Danny Boice’s article “Why ‘Hire Slow, Fire Fast’ is a Bunch of BS” made a case for getting people on board because you didn’t have the luxury of having work not done. Judging from related posts which defend Hire Slow, Fire Fast, his view is not widely held. Both approaches miss the point.
The speed isn’t nearly as important as the quality of the hiring process. Evaluating a candidate on two dimensions (skills and passion) allows you to make high quality decisions. The four quadrants provide an uncomplicated way of thinking about how well people will fit into your organization.
The easy decisions lie at the extremes.
- Hire – High skills/passion. Make the affirmative decision now!
- Pass – Low skills/passion. Make the negative decision quickly.
The tougher decisions lie in the two (2) other sectors.
- Caveat Emptor – Problems arise when you settle for the skilled worker without passion. Boice’s model settles for a warm body with the implicit assumption that someone is better than no one. I call this the ‘caveat emptor’ sector because the body soon gets cold and that negativity poisons the rest of the organization.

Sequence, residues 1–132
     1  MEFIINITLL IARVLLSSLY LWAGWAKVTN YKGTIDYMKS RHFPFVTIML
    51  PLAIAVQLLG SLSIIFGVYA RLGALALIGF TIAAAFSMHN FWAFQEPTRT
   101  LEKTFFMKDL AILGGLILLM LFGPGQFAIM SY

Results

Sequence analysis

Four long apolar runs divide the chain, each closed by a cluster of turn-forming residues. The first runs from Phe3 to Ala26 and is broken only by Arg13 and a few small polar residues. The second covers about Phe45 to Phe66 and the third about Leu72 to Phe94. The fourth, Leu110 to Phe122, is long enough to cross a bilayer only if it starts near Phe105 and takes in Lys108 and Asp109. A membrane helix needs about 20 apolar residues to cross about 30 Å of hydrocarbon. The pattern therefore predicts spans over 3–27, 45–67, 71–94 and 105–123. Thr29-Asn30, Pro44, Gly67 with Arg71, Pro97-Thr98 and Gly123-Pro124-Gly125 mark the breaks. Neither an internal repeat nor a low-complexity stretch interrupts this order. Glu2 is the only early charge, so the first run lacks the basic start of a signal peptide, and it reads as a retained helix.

- Invest – Some (not all) people who lack the specific skills can make the transition to the hire quadrant by virtue of their passion. A short term investment in them which provides minimal guidance can often reap long-term rewards (sometimes at below market rates).
Both of these cases are judgment calls. Once you’ve made the decision, and assuming it is indeed a good fit for employer and employee alike you’ll need to make efforts to retain people. Recent research in the Journal of Management shows the negative relationship between employee turnover and organizational performance.
The pivot point (before you’re tempted to heed Boice’s advice) is to consider whether the benefits of the warm body outweigh the tangible/intangible costs. Chances are you’ll be better served by spending more time matchmaking. Your best bet? Hire Right and Never [need to] Fire!
What do you think?